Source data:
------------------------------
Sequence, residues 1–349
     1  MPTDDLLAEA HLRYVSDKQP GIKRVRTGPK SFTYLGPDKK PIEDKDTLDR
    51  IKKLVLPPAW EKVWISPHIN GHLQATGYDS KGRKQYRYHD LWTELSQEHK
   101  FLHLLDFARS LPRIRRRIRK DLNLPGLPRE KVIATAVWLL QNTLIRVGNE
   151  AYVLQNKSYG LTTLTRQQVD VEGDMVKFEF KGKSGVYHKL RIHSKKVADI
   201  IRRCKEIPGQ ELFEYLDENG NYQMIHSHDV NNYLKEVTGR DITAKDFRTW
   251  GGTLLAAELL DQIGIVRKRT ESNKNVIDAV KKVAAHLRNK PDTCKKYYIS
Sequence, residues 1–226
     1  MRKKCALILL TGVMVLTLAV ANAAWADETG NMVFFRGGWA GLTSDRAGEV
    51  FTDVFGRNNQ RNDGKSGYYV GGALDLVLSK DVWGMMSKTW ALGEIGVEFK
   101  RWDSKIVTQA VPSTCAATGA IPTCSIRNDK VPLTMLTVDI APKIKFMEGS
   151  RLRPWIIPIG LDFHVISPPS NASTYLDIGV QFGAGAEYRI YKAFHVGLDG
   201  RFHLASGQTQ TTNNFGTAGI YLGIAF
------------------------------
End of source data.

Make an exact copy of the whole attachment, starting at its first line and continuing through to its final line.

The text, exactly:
Sequence, residues 1–349
     1  MPTDDLLAEA HLRYVSDKQP GIKRVRTGPK SFTYLGPDKK PIEDKDTLDR
    51  IKKLVLPPAW EKVWISPHIN GHLQATGYDS KGRKQYRYHD LWTELSQEHK
   101  FLHLLDFARS LPRIRRRIRK DLNLPGLPRE KVIATAVWLL QNTLIRVGNE
   151  AYVLQNKSYG LTTLTRQQVD VEGDMVKFEF KGKSGVYHKL RIHSKKVADI
   201  IRRCKEIPGQ ELFEYLDENG NYQMIHSHDV NNYLKEVTGR DITAKDFRTW
   251  GGTLLAAELL DQIGIVRKRT ESNKNVIDAV KKVAAHLRNK PDTCKKYYIS
Sequence, residues 1–226
     1  MRKKCALILL TGVMVLTLAV ANAAWADETG NMVFFRGGWA GLTSDRAGEV
    51  FTDVFGRNNQ RNDGKSGYYV GGALDLVLSK DVWGMMSKTW ALGEIGVEFK
   101  RWDSKIVTQA VPSTCAATGA IPTCSIRNDK VPLTMLTVDI APKIKFMEGS
   151  RLRPWIIPIG LDFHVISPPS NASTYLDIGV QFGAGAEYRI YKAFHVGLDG
   201  RFHLASGQTQ TTNNFGTAGI YLGIAF